Wright State University has received a $24,608 Direct Effect Quality of Life grant from the Christopher and Dana Reeve Foundation National Paralysis Resource Center. The grant will be utilized by the university’s Office of Disability Services to purchase four off-road, electric, accessible quad bikes for the campus community.
“We are thrilled to receive the Christopher and Dana Reeve Quality of Life grant,” said Tom Webb, director of disability services. “These accessible quad bikes are a critical tool in creating additional inclusive and accessible outdoor opportunities for our students, faculty, staff and alumni with disabilities.”
Created by Not a Wheelchair, the fully electric quad bikes reach speeds of 12 miles per hour and operate on two batteries with a range of 25 to 30 miles. As the COVID-19 pandemic continues, Webb is looking forward to having the quad bikes delivered to campus this spring for some much-needed outdoor recreation.
“Finding safe and accessible recreation during a time when social distancing is required is challenging. Providing an equipment lending program to make these accessible quad bikes available will help with the users’ physical and mental health who partake in using the equipment,” said Webb. “I, myself, will be eager to try one of the accessible quad bikes on the bike paths connected to campus come spring.”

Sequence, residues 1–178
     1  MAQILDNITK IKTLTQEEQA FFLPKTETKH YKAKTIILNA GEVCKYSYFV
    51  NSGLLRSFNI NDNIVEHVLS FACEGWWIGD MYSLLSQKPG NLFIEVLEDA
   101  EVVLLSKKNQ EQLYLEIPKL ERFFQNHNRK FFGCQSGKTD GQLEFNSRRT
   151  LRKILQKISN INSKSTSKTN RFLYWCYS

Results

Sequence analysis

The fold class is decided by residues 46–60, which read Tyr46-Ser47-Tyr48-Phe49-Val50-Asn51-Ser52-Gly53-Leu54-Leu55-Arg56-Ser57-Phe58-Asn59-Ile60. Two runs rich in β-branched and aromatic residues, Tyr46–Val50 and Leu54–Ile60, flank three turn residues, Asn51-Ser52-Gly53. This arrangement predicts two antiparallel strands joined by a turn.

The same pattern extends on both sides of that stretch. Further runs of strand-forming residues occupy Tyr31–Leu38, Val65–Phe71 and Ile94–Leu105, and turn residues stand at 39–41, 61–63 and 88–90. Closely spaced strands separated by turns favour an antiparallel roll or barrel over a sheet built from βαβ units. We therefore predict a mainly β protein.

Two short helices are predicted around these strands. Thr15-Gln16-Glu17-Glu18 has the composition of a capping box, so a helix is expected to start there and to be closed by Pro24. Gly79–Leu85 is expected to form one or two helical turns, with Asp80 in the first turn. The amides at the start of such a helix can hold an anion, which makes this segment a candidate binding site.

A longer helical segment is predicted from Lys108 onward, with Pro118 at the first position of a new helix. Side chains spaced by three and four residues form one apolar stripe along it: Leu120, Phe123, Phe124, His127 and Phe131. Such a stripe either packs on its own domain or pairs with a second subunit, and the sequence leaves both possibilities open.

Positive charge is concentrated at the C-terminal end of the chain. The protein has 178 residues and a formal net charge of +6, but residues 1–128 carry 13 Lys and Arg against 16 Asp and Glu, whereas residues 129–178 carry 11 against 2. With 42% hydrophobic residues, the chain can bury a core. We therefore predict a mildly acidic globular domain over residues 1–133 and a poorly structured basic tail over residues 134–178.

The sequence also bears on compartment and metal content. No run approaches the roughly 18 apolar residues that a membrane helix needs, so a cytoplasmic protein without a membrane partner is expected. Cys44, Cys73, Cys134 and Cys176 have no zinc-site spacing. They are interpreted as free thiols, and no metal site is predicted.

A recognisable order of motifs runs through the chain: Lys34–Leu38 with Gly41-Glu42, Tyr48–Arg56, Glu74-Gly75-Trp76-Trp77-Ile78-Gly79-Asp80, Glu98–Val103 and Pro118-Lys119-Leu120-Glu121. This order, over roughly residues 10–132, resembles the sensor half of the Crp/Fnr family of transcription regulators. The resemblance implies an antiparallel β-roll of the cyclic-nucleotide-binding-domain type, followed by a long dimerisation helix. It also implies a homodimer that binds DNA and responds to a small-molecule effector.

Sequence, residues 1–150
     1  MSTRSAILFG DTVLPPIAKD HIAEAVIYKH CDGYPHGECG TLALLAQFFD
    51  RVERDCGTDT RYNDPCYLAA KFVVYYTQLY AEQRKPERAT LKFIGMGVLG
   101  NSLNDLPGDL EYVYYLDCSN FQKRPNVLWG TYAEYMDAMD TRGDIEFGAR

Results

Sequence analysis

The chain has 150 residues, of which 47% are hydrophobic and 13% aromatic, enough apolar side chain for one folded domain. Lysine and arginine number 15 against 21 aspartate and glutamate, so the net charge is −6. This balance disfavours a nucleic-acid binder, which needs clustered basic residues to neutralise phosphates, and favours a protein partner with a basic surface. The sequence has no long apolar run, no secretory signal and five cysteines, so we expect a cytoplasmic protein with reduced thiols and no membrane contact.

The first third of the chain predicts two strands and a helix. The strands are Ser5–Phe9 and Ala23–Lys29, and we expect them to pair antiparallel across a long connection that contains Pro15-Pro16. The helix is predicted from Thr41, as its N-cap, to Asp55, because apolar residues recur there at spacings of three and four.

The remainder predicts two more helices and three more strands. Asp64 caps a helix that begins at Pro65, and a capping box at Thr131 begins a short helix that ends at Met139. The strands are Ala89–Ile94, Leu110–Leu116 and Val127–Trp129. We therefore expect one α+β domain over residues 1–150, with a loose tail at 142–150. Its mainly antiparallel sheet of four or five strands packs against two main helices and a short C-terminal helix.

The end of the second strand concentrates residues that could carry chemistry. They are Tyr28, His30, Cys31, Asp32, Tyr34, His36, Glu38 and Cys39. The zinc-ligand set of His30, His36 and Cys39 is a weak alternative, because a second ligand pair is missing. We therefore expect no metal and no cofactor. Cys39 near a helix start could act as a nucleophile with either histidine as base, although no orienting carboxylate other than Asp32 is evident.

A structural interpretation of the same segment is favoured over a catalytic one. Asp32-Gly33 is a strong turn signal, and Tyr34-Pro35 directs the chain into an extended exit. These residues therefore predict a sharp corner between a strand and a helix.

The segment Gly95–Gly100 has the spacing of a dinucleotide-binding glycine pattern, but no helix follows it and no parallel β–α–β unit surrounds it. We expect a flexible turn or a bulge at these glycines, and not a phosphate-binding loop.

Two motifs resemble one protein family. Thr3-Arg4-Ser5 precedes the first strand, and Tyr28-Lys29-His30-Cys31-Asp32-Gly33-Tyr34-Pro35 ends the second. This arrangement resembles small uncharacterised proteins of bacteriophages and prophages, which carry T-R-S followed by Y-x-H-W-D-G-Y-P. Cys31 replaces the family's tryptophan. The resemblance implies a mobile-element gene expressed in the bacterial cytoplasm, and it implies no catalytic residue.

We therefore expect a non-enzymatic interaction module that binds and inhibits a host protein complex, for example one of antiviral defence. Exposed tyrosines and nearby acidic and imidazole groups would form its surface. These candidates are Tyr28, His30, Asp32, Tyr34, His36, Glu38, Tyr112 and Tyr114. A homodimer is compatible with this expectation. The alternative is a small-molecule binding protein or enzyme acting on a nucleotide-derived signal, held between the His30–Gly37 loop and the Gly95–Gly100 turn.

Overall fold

Wright State previously received a $15,000 Quality of Life grant from the Reeve Foundation in 2018 to purchase three robotic dining devices for students with disabilities who need assistance feeding themselves. In 2013, the Reeve Foundation provided a $13,000 Quality of Life grant for 15 new wheelchairs for indoor wheelchair sports.
The Reeve Foundation National Paralysis Resource Center provided 51 Direct Effect Quality of Life grants totaling $925,492 to nonprofit organizations that empower individuals living with paralysis. Since the Quality of Life Grants Program’s inception, more than 3,300 grants totaling over $32 million have been awarded. Funding for this new cycle of grants was made possible through a cooperative agreement with the Administration for Community Living.
“This past year has brought about many extreme challenges to the organizations that we work with and the people we collectively serve,” said Mark Bogosian, director of the Quality of Life Grants Program. “This cohort of grantees and their ever-important projects are a beacon of light as we navigate our way through a new year. There are still challenges ahead, but I know that together we will continue to move forward to overcome obstacles and barriers that affect the over 5.3 million Americans living with paralysis and their families and caregivers. I have complete confidence that these new projects will lead the way to a better tomorrow.”